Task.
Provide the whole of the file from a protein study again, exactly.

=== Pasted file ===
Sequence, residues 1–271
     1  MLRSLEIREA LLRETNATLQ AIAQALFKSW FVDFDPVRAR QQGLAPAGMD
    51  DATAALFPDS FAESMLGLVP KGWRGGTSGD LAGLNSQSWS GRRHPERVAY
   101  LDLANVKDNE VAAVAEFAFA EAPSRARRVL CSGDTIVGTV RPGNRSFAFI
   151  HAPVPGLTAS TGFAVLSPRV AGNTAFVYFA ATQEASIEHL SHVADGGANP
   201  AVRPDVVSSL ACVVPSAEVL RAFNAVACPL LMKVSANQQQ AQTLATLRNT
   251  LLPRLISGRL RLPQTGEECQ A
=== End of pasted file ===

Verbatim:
Sequence, residues 1–271
     1  MLRSLEIREA LLRETNATLQ AIAQALFKSW FVDFDPVRAR QQGLAPAGMD
    51  DATAALFPDS FAESMLGLVP KGWRGGTSGD LAGLNSQSWS GRRHPERVAY
   101  LDLANVKDNE VAAVAEFAFA EAPSRARRVL CSGDTIVGTV RPGNRSFAFI
   151  HAPVPGLTAS TGFAVLSPRV AGNTAFVYFA ATQEASIEHL SHVADGGANP
   201  AVRPDVVSSL ACVVPSAEVL RAFNAVACPL LMKVSANQQQ AQTLATLRNT
   251  LLPRLISGRL RLPQTGEECQ A